Survey reveals the best years of our life might not be when we expect

In the words of one wise TikTok user, ‘your twenties are not your prime; they’re your primer.’

In your twenties, the world may be your oyster, but that doesn’t mean you aren’t also bearing the weight of it on your shoulders. Society expects you to carve out a career path, start thinking about the future, but it also pressures you to have wild and reckless fun because, after all, these are supposed to be the best years of your life - that’s the true duality of early adulthood.

But before you put too much pressure on your twenties, just know that your best years aren’t slipping away from you; in fact, they may still be yet to come.

When are the best years of our life?

According to a survey published in Social Indicators Research of people who have been where we all are, our twenties aren’t the best years of our lives; it’s actually the ages between 30 and 34.

The survey came to this wondrous conclusion by asking 17,000 people over the age of 50 from 13 different European countries about the periods in their life in which they felt happiest, with each providing a review of the stages in their life.

Happiness is subjective, and each person’s age and life path will undoubtedly have a massive impact on their responses, as well as where each participant is from. For example, those from France reported feeling a similar amount of happiness from the 20s all the way into their 80s.

When accounting for factors such as sex and country, the study showed thatpeak happiness occurs between the ages of 30-34. But, encouragingly, happiness doesn’t necessarily start to wane after this period, with results showing people could be living their best lives for twenty years or more.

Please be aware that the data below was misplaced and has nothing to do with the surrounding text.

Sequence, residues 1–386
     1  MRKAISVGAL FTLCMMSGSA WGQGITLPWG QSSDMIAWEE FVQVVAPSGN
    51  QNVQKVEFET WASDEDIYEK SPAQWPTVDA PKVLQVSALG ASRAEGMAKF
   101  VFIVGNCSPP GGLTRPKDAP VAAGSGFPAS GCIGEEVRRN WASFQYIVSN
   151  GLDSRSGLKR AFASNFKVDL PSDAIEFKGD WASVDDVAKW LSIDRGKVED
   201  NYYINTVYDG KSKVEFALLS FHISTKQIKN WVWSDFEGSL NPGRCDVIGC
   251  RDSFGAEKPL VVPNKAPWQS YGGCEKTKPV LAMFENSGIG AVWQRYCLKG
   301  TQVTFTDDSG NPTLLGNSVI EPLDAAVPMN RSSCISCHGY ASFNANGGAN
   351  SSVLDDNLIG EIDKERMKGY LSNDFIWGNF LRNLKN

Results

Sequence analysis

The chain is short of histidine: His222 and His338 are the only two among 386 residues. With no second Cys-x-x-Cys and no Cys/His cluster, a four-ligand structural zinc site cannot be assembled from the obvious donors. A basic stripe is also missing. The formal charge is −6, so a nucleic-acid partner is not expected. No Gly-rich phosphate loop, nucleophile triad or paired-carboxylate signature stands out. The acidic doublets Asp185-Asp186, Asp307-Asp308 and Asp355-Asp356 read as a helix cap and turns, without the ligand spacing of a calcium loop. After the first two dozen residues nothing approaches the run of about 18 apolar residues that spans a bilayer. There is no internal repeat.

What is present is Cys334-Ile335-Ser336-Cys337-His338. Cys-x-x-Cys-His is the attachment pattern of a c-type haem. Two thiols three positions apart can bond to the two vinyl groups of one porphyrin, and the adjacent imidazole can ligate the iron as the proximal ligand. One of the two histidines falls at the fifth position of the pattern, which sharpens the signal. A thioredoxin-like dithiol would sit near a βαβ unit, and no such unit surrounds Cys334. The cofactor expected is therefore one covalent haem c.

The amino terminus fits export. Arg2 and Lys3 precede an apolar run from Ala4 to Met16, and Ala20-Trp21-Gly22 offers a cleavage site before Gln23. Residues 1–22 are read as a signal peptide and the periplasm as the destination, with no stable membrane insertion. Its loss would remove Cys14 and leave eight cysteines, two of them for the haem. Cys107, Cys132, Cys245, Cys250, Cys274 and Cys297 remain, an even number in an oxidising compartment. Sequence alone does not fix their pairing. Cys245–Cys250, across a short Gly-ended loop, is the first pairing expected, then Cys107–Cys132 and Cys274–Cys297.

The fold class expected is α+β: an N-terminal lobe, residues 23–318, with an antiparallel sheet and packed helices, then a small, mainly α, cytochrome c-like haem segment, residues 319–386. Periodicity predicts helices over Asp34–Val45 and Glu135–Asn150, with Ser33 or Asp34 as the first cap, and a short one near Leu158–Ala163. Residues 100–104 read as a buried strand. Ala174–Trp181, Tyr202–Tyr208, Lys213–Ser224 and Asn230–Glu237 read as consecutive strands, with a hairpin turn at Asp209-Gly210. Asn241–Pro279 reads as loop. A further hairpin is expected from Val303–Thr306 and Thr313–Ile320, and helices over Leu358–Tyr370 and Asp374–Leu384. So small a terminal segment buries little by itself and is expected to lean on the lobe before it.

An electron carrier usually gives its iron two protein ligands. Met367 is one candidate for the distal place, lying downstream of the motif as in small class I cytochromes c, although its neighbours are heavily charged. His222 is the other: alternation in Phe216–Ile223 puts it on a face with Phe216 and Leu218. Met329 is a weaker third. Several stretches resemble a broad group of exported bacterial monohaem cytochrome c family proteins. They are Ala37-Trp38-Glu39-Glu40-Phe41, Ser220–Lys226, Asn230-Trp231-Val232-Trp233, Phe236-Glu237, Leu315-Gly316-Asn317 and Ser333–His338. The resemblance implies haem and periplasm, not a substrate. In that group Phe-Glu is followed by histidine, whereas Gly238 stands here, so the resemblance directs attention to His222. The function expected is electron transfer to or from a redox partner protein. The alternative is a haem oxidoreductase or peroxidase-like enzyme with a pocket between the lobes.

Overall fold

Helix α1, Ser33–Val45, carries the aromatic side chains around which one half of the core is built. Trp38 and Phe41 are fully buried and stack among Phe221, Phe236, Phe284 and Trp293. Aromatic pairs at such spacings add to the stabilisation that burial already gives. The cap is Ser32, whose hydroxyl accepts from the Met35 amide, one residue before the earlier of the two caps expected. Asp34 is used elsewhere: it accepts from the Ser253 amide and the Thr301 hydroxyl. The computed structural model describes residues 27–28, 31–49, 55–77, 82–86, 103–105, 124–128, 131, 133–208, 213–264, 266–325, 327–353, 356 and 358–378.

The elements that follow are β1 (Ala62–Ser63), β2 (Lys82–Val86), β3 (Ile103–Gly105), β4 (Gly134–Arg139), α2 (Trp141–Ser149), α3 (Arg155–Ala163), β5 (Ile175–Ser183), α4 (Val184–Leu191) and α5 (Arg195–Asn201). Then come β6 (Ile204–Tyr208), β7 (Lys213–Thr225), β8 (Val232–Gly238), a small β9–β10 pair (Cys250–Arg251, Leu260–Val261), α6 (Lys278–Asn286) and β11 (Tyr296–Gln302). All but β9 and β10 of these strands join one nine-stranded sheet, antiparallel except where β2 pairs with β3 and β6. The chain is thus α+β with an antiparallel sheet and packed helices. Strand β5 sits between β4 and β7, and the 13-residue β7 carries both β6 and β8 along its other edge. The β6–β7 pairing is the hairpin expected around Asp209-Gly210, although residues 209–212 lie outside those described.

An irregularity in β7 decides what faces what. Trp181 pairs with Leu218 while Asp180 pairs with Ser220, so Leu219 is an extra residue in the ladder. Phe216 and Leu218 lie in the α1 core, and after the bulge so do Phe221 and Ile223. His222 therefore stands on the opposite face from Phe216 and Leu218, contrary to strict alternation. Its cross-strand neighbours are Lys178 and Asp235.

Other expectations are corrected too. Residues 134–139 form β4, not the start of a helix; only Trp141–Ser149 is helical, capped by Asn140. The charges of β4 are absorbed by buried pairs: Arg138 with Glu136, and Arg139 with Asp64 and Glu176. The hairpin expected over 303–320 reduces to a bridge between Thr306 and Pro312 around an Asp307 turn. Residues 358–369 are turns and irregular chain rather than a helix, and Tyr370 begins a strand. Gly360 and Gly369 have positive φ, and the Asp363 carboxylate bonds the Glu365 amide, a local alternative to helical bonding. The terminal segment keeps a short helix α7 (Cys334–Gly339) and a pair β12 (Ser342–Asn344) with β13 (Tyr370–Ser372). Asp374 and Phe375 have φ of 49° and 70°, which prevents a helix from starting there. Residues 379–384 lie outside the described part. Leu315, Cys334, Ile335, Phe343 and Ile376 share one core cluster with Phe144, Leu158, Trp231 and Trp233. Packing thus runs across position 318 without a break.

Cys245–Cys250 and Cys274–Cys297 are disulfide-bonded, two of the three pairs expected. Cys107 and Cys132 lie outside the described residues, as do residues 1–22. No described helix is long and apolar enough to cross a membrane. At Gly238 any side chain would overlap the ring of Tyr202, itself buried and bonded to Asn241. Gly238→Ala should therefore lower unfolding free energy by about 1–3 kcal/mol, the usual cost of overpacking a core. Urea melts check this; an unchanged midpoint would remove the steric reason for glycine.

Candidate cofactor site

Author of the study, Begoña Álvarez, explained: ‘I find that the probability of achieving the happiest period in life evolves systematically with age.’

The probability increases sharply from childhood to the ages of 30–34, when it reaches the maximum. At this point it is important to remark that individuals’ happiest periods are long on average: for half of respondents this period lasts two decades or longer.

What about our worst years?

Whether you’re starting a family, buying a house, making your way up the work ladder or even just enjoying a lavish life surrounded by friends and fun, our 30s are supposed to be our best years. But, what does up must come down.

So, when can we expect to see the worst years of our lives?

It seems that many of us have probably passed the least sunny periods of our lives, with many participants feeling least happy between the ages of 10-14. Of course, changing bodies, surging hormones, and sudden realisations that the opposite sex doesn’t have cooties would have made pre-teen years a confusing and upsetting time for many.

Unfortunately, we can’t expect our pre-teen years to be the be-all and end-all of unhappiness. Various factors in our ever-changing lives may make us miserable at any given time. However, the study also found that many people experience a resurgence of unhappiness after the 70-year mark, which isn’t surprising considering the health issues coupled with the loss of loved ones that we are expected to encounter in later life.

Whether it’s rose-tinted glasses or a life well-lived, it seems like this study solidifies the notion of ‘enjoy it while it lasts.’ And, while you may be feeling the pressures of adulthood in your thirties, know the feeling will age like a fine wine, and you’ll probably look back on it fondly anyway.

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